Hon. Ehiozuwa Agbonayinma (Edo PDP) said while the government was interested in attracting foreign investments, MTN should not be allowed to get away with flouting regulations.

He also emphasised that the MTN should not be allowed to determine how it would pay the fine, following reports that the company has offered to N150 billion in cash and the balance in “complimentary services”.

“When a crime is committed and the offender has been sentenced by the court to 20 years, he now goes back to the government and say he wants to serve only one year, is that not what MTN is doing? They have committed a crime which they admitted to, and are deciding how they will go about paying for the crime,” Agbonayinma said.

Agbonayinma said the company decided to go to court to buy itself time after it received a letter from the House over the fine. “Now they are discussing with the AGF and the chief of staff,” he added.

Hon. Michael Eyong (Akwa Ibom) said if the matter was in court, the AGF would be representing the NCC.
In his remarks, the executive secretary of the NCC, Prof. Umar Danbatta said the commission received a proposal for negotiations from the MTN on the fine, adding that there was no indication in it that the N50 billion had been paid.
The commission, he disclosed, however received a letter from the office of the AGF informing it that the money was paid into the Federation Account.

Danbatta further noted that the money ought to have been paid into NCC’s account, and not the Federation Account, as it imposed the fine.

Shittu, who made a brief appearance at the meeting, said the former executive vice-chairman of the NCC looked the other way at the infractions committed by MTN in the past, but said he played no role in the decision to withdraw the MTN suit and the payment of N50 billion.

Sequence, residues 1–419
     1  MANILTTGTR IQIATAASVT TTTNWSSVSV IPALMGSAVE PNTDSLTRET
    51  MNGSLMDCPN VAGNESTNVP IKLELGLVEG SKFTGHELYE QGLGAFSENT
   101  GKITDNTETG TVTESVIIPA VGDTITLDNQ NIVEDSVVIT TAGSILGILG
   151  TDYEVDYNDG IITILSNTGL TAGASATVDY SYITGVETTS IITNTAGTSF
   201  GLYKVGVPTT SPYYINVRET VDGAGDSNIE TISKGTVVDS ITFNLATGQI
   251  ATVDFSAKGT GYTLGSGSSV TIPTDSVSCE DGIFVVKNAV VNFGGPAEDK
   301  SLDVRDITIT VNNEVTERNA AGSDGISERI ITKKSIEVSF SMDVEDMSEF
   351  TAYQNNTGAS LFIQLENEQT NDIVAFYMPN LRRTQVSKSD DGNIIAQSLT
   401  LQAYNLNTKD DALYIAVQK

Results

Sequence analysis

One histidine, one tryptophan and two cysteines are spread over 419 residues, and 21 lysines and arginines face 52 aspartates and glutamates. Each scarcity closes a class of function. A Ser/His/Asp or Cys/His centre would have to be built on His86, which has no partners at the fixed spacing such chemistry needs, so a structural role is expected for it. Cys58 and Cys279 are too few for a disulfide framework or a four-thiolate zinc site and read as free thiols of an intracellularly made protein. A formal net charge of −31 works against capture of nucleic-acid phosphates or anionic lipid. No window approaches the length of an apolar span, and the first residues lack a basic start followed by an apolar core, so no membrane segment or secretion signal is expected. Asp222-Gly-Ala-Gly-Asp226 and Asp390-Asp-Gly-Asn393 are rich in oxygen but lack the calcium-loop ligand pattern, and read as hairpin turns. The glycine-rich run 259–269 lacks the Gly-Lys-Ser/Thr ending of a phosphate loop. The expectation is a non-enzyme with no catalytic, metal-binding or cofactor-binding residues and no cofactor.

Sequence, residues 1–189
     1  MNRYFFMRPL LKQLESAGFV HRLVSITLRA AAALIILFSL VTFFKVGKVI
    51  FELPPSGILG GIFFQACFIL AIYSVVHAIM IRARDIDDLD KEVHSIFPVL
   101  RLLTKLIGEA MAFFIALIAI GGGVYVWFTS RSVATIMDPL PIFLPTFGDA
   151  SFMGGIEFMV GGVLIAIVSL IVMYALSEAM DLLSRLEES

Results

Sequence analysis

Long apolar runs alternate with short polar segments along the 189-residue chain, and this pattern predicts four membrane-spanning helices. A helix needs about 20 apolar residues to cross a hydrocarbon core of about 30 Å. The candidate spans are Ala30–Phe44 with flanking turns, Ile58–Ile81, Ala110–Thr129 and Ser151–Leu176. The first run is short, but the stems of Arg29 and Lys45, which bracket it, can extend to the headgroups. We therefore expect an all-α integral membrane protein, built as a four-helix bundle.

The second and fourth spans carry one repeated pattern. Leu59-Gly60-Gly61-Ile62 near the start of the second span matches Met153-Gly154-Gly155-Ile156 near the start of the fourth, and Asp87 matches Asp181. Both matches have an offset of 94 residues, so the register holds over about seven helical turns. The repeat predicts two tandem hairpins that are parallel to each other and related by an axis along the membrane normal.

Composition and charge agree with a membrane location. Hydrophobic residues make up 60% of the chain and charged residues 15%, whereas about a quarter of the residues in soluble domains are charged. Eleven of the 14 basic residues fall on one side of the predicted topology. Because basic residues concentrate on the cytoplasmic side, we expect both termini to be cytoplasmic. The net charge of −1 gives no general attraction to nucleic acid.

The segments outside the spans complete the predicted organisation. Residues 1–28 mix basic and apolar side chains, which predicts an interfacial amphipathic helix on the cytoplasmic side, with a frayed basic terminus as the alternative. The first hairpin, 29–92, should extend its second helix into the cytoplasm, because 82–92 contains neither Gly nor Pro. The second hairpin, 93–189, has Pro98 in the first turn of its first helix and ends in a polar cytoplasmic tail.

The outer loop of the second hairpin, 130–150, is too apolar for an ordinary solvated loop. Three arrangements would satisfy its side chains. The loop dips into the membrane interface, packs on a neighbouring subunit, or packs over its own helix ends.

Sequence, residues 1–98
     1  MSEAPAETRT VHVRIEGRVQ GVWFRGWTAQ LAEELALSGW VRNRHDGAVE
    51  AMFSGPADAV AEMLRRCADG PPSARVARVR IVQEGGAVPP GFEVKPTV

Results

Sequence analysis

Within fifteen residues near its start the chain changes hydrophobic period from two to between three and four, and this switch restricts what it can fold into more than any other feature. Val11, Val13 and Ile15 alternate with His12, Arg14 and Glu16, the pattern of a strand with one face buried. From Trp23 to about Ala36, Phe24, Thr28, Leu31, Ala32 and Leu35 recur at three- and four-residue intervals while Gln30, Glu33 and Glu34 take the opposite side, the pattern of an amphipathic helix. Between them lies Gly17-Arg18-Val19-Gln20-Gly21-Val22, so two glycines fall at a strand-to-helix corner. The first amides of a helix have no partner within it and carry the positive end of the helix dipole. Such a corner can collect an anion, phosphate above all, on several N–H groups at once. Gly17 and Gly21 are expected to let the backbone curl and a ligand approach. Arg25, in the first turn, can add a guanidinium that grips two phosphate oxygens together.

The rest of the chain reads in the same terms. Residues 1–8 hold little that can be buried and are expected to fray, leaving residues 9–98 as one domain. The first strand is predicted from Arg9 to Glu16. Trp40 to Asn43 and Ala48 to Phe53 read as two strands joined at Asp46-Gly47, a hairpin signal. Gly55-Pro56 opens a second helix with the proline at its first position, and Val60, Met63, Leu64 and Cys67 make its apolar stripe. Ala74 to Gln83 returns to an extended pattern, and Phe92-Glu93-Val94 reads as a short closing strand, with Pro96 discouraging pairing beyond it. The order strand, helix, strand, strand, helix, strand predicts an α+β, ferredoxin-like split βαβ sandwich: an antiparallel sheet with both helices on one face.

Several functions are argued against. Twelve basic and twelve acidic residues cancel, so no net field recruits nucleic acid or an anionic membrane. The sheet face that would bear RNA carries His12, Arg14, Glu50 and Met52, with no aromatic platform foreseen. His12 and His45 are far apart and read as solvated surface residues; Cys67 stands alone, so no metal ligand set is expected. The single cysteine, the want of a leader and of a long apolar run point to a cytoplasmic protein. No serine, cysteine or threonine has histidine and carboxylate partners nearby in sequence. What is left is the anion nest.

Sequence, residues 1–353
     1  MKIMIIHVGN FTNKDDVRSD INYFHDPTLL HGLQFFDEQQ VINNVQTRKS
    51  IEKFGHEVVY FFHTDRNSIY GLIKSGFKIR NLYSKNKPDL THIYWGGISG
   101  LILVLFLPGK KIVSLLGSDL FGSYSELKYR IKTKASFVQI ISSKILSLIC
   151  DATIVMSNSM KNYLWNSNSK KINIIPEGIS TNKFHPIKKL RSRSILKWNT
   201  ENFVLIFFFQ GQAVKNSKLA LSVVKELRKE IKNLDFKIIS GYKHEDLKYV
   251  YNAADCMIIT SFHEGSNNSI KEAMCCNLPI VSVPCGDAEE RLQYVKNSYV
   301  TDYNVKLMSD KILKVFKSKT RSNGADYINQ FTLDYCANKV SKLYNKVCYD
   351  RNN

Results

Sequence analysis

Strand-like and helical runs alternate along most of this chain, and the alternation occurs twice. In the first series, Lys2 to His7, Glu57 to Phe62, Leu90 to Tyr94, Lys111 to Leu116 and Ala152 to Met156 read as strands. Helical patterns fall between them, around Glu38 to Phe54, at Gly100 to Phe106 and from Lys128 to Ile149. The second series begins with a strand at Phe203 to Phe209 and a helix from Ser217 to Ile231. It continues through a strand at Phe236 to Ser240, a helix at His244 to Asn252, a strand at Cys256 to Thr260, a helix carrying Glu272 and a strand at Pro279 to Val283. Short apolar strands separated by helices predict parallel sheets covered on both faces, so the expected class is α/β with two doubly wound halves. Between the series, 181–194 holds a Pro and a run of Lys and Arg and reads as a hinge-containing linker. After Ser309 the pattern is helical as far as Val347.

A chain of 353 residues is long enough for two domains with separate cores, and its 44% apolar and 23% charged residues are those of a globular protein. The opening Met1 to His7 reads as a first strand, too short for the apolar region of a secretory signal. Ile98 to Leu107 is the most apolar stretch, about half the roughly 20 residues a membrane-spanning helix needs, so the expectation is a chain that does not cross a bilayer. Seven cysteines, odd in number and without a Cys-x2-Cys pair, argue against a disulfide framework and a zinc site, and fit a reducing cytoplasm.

“I have not played any role whatsoever. When the out-of-court settlement came up, I had no role. When they wanted more relief, they discussed with the attorney general. The AGF gave them two conditions, that they pay N50 billion as down payment and withdraw the case from court. But I had no role, so the AGF will be the most appropriate person to speak on this.
“We should be the ones handling it but it has been been taken over by the Ministry of Justice,” Shittu added.
The committee subsequently pledged its support for NCC spearheading the negotiations on payment of the fine.

  • Dr Ayodeji

    There is nothing odd yet in the MTN fine procedure and I honestly share the view that the National Assembly should stay off the process. Zuma came and dangle carrots on Nigeria : return of Orisatjefor Dollar, return of the GEJ wired Dollar illegally to South Africa, sales of arms to Nigeria to fight insurgents ;if all these materialize, then why should the MTN fine not be reduced?
    We might be front line in the fight against apartheid in S A but today we need them far more than they need us. Simply look at the number of Nigerians in there and South Africans in Nigeria. We must differentiate between Ego and reality.